10th June 2022 | Residential Property
I am often asked by our clients “what documents should we expect to receive” following completion of a purchase of a residential property. They also ask “What exactly are “Deeds” and what do I need to keep safe?”
Essentially, Deeds are the trail of legal documents that prove or record the ownership of a property. Since 1990, on the sale of a property, it has been mandatory to register the ownership at Land Registry. When Land Registry complete the registration process, they provide an Official Copy of the Registry and an Official Copy of the Title Plan together known as the Official Copies of Title. These were historically on paper but are now mostly digital and these are what are considered to be the “Deeds”. However, there are additional documents that make up the “Deeds Pack” or “Title Deeds” that will be required when you come to sell the property. The Deeds Pack will vary depending on the type of property.
For Freehold properties, the Land Registry Official Copies of Title are usually the only relevant documents to retain and these are electronic so can be readily obtained from Land Registry.
Leasehold properties will require the addition of the original signed and dated Lease to be retained as Deeds, although an Official Copy of the Lease is also held digitally by Land Registry alongside the Register and Plan. There may also be further documents to add to the Deeds such as an original Share Certificate or an original Membership Certificate, if relevant. For new build Leasehold Properties, you should also retain your 10-year NHBC Certificate (or equivalent such as LABC or Premier Guarantee) along with the Building Regulations Completion Certificate.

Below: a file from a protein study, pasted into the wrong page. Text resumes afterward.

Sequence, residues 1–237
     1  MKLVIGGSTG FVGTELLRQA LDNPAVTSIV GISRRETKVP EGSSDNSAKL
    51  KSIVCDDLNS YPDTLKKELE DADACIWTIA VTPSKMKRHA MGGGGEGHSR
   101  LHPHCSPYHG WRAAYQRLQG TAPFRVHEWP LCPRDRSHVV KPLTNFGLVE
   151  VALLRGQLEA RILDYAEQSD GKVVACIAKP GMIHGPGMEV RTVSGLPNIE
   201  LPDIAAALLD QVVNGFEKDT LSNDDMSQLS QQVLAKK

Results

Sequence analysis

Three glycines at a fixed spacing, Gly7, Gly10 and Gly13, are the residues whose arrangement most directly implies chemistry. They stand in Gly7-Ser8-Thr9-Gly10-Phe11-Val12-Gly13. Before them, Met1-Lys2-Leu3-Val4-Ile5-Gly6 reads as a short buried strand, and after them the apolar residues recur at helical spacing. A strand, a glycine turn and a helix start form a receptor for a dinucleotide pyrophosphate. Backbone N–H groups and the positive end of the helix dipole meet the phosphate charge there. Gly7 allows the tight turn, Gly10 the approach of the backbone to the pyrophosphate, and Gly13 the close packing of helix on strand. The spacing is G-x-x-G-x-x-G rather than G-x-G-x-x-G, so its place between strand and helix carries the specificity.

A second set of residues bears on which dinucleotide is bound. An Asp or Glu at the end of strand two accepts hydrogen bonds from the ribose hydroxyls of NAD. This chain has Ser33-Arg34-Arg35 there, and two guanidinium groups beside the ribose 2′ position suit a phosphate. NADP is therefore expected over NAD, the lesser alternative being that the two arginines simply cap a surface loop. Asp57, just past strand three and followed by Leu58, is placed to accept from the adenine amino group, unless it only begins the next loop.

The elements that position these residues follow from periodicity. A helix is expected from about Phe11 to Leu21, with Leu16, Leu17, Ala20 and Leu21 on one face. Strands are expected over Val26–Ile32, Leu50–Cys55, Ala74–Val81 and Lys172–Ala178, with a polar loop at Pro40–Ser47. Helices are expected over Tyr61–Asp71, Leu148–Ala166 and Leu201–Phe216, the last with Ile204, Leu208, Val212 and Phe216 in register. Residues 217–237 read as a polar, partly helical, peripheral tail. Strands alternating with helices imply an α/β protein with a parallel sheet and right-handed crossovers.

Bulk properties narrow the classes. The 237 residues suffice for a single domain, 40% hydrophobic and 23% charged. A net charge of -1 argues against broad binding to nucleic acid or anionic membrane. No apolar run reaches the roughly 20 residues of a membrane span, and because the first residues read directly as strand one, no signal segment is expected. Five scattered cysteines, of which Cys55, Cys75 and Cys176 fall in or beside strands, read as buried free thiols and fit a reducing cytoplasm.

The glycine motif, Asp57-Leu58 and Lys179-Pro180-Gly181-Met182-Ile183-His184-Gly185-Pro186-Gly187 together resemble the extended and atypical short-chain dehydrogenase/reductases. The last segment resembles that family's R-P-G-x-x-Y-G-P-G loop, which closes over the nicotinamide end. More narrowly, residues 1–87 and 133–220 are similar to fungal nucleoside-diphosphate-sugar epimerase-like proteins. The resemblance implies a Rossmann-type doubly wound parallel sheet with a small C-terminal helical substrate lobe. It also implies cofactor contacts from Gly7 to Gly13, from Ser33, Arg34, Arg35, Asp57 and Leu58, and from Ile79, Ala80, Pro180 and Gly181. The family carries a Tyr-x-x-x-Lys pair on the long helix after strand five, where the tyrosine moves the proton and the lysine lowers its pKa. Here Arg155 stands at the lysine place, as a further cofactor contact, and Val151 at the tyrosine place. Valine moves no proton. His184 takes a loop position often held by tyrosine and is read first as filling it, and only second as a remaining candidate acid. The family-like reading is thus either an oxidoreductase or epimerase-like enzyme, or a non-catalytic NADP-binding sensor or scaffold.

Other general documents to keep with the Deeds include any indemnity policy or Declaration of Trust.
In preparing for the sale of a property, the Deeds Pack will be required alongside documents such as the Energy Performance Certificate, Electric and Gas Safety Certificates, FENSA certificates, building regulations and planning permissions for any alterations, party wall notices, listed building documents, guarantees/warranties for a new boiler/new roof/damp proofing, water bill, service charge and ground rent statements, mortgage details etc, so it may be advisable to retain these documents and keep them up to date as and when they expire. Having these documents to hand will save delays when it comes to selling your property.
It is also worth noting that if you have a mortgage then your Title Deeds may be kept by the Lender, although this is increasingly rare for UK Banks, but not so for overseas Lenders.
To find out more, click here to speak to Gill Talbot.
To find out more about your property questions, click here to read another article in the series.